The executor of an estate is responsible for overseeing your property, possessions and money after you die. They will ensure that your belongings are shared out according to your will.
Choosing an executor, or executors, is an important decision when you make a will. They must be someone reliable, trustworthy and capable of dealing with their legal duties.
What are the duties of an executor?
The executor is responsible for managing your estate when you’re gone. Their duties may include:
- Arranging and paying for the funeral
- Applying for probate, which will give the executor the legal authority to oversee the estate
- Gathering together information about assets, property, money and debts belonging to the estate
- Calculating the total value of the estate and whether Inheritance Tax needs to be paid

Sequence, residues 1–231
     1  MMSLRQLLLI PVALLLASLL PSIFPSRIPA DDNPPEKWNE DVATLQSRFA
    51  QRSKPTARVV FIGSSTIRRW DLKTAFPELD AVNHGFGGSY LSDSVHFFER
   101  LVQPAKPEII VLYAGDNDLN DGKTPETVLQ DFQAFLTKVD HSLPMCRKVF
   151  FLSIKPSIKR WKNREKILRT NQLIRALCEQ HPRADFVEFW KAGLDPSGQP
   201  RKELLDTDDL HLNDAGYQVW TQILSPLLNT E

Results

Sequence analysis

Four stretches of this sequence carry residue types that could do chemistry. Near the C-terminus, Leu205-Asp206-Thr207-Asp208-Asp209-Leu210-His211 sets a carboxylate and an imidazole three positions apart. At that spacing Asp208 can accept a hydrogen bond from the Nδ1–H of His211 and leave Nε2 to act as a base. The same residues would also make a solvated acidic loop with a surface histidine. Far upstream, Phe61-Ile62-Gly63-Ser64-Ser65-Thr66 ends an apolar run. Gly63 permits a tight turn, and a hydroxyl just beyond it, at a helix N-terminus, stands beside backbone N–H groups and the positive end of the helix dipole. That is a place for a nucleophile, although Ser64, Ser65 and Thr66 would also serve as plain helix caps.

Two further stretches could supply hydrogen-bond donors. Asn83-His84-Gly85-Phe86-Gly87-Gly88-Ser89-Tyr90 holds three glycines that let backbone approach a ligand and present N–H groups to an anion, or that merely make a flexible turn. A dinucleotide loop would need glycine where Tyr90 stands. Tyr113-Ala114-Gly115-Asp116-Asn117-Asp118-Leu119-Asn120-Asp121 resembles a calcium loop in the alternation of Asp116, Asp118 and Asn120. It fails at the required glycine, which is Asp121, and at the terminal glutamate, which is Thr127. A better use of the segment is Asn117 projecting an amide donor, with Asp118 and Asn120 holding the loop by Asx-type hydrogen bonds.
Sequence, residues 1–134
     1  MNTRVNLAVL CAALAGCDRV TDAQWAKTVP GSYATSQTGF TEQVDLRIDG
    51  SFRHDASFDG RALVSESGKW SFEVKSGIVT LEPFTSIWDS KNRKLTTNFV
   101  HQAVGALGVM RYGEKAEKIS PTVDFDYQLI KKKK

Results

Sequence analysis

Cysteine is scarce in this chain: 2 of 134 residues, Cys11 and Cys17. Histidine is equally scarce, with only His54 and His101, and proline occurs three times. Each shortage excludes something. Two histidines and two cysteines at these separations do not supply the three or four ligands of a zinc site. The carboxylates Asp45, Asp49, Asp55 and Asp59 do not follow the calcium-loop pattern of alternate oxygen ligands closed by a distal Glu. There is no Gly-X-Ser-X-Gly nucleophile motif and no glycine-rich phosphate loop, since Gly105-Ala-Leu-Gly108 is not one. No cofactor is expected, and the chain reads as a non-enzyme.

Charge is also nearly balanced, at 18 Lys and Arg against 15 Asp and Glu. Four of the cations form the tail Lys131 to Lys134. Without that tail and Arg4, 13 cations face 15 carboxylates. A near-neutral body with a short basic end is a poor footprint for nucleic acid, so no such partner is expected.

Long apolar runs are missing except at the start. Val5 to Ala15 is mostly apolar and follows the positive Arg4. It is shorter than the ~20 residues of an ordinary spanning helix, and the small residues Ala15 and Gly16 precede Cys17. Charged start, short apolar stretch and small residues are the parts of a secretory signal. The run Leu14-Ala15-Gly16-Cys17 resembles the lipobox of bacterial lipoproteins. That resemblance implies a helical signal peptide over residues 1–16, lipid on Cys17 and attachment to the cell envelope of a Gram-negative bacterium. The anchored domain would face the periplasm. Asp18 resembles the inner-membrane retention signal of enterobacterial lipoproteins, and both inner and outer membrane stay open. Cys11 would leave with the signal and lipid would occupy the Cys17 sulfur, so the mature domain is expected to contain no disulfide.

- Completing Inheritance Tax forms
- Making sure any outstanding debts are paid from the estate
- Notifying all relevant organisations of your death, including HMRC, DWP, local councils and utility companies
How do I name an executor?
You can name an executor, or executors, by making a last will and testament.
If the person or people you name as executors pass away, you should update your will with a codicil to name a new executor.
What if they don’t want to be an executor?
In most cases, named executors do not have to be an executor if they don’t want to. They can sign a Renunciation document, which lets them resign from the role.
In this case, the role of executor may be taken over by a solicitor or legal services.